Turning what you love into a business is the surest way to lifelong happiness. As Steve Jobs once said: “Your work is going to fill a large part of your life, and the only way to be truly satisfied is to do what you believe is great work. And the only way to do great work is to love what you do.”
In the last twenty years, nearly every industry rapidly evolved to keep up with the opportunities offered by the web, including cottage industries. Social media can take a passion for fancy cake-baking or jewelry making to a thriving business.
Do you have what it takes to turn your hobby into a lucrative income? Here are five things to do before taking the plunge:
1. Hone your craft.
No matter how passionate you are, your skills may not meet professional standards. The web opens up an array of learning opportunities in nearly every field of interest.
Look for tutorials, blogs, and more formalized learning environments, which range from hobbyist YouTube videos to online college degrees to interactive, expert-led community environments like that found on Learning with Experts, where you can hone skills including antiques, gardening, craft beer, jewelry and photography, get your project critiqued by a renowned expert, and participate in small groups, called tribes, for inspiration and encouragement.
At Khan Academy, you can take plenty of recorded lessons on STEM and other academic subjects, and it’s all free. Of course, you learn completely on your own.
Treehouse.com offers lessons for building websites, again through self-directed study. They have a community where students can get answers from other students, but the untimed structure doesn’t foster small-group interaction.
2. Build your social audience.
Social media is a boon for small businesses. It provides free advertising, and the opportunity for you to widen your fame beyond your friends and family.
It also makes you visible. It puts your business on the map for businesses and celebrities to find. Sound farfetched? In 2011, Cake Pop Princess was a tiny home-based business started by a mom who made cake pops to amuse her kids. When Bianca Benn posted her creations on facebook, people asked about ordering.
Then Jimmy Choo hired her to make pops for an event. In an interview with Facebook, Benn credited 95 percent of her business to her Facebook page. Since then, she’s catered weddings, corporate events, and made pops for the members of One Direction at the behest of talk show host James Corden.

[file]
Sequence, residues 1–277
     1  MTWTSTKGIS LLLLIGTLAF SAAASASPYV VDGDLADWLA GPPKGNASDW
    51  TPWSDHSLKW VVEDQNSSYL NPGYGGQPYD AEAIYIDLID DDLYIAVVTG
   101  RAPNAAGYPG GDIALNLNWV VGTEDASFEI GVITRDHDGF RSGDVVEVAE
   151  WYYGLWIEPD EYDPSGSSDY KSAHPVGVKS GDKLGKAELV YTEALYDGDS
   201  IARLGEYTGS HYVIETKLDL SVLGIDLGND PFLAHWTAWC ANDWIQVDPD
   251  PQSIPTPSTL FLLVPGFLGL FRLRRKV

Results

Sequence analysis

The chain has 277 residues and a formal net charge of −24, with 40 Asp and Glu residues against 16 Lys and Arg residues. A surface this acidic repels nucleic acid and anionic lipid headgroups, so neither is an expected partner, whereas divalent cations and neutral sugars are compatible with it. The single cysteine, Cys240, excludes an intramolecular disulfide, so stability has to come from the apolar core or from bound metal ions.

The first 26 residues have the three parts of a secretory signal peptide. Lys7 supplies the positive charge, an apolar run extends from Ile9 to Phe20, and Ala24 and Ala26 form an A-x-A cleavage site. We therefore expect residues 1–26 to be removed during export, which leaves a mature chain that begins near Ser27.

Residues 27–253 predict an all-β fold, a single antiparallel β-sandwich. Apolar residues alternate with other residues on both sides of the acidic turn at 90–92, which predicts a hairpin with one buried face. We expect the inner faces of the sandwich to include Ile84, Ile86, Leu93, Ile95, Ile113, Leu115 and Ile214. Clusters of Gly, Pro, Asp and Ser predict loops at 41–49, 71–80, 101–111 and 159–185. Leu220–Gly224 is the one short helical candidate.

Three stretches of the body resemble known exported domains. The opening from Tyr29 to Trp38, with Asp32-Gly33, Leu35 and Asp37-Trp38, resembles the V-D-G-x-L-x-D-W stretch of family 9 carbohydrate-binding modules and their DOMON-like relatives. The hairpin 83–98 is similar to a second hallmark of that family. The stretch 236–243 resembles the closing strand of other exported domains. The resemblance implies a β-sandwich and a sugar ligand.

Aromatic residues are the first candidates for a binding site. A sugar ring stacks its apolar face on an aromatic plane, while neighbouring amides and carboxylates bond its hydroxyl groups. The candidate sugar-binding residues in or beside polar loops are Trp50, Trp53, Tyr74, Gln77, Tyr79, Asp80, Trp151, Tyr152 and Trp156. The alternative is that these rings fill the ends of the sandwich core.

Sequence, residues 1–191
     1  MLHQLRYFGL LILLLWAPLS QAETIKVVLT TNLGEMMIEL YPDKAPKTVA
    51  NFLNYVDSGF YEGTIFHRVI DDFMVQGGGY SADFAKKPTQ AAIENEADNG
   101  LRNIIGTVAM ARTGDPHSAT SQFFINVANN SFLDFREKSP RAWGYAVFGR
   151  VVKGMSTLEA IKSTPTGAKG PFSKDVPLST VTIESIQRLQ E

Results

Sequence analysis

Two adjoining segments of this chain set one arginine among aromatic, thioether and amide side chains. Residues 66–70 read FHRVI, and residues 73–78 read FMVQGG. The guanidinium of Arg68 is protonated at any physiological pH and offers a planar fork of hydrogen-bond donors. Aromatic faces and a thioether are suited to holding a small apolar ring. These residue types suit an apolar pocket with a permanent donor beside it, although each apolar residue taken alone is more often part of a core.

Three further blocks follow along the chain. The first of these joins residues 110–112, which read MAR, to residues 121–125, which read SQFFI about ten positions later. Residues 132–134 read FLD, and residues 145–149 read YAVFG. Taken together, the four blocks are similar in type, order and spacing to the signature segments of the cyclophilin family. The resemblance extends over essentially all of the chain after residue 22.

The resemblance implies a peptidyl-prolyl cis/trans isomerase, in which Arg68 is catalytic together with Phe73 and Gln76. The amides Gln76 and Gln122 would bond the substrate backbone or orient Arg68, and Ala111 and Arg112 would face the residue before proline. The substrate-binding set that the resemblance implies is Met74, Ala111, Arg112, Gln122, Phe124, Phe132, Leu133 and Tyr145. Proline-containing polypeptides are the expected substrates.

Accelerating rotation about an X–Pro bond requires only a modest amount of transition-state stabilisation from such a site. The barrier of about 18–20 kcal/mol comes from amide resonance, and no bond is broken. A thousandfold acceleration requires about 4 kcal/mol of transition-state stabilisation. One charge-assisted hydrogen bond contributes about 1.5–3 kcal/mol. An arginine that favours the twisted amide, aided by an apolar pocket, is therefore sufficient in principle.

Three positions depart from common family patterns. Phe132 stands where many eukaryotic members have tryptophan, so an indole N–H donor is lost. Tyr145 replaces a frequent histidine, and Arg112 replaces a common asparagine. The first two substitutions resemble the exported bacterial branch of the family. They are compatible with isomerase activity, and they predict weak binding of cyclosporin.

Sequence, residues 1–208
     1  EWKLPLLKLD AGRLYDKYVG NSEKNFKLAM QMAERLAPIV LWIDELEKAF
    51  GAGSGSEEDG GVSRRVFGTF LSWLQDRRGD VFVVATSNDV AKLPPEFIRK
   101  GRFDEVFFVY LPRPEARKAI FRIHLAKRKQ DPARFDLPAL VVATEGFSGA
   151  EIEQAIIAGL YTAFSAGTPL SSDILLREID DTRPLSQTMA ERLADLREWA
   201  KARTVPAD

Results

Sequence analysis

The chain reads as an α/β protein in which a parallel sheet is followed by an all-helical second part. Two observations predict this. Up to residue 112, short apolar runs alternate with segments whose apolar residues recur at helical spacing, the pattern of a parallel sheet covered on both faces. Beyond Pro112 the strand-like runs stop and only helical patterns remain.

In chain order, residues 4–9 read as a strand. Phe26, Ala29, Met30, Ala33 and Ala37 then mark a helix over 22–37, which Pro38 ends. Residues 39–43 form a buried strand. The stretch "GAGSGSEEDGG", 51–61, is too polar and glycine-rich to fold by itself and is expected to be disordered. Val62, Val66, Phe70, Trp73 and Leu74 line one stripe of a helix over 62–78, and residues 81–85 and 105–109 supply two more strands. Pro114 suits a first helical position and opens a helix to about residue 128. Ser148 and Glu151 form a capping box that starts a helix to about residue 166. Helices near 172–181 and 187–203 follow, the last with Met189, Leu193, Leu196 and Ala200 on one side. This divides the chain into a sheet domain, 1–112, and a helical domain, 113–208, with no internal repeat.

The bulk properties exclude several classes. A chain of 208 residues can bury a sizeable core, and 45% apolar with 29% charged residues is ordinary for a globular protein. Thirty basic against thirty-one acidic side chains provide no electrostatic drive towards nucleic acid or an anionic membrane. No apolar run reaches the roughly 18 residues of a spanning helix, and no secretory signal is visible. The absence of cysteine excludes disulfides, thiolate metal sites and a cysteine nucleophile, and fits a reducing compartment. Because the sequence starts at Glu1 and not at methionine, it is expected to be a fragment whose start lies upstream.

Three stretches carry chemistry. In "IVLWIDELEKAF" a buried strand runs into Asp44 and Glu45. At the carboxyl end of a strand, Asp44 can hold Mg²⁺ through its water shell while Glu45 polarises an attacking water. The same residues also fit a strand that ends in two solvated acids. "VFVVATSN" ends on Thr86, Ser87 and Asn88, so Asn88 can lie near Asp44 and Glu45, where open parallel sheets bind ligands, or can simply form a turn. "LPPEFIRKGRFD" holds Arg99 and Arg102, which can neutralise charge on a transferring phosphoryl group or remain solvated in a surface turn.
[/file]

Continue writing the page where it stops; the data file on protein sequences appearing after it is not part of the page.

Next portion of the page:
3. Identify influencers.
Influencers are social media stars. They don’t necessarily have giant audiences, but they do head a lively community with a focus on your interests.
Influencers can be found on any social media site, and where you focus your efforts depends on what type of business you’re in and where people who talk about your industry hang out. Home decorating is wildly popular on Pinterest, and your most enthusiastic audience for photography might be found on Instagram. Facebook is very food-friendly; you have the room to write about your dishes and post recipes, videos and pictures. If your dream is to create video games, you might want to join the Steam community.
4. Get proof of concept.
Building your social media also offers you insight into the market usually reserved for businesses with deep pockets who can afford to invest in focus groups and testing. The enthusiasm and spread of social media audiences will give you clues about the quality of your work and whether you will be successful.
Social media also offers you the opportunity to find people locally that can help you with every aspect of the business building process. For example, Eric Rea, Co-founder and CEO of Podium, used social media to find some of his first employees, partners, and mentors while turning a simple online review invitation tool for his dad’s tire shop into the leading customer interaction software with over 100,000 users.
5. Make a strategy.
While some people just seem to get lucky, good strategy usually means the difference between success and failure. Learn all you can about marketing a business on a budget and be prepared to promote yourself without overt selling.
Because there are so many options to create your own online store or sell products directly through social media, this is the best time in history to turn your hobby into a business. Today, you have unprecedented access to a global or local market, and free tools to grow your customer base.
Getting there requires time and patience. With all the competition in the market, your opportunity rests on how well you communicate your value to your audience. Don’t quit your day job until your audience is growing fast and fully engaged.
By Melissa Thompson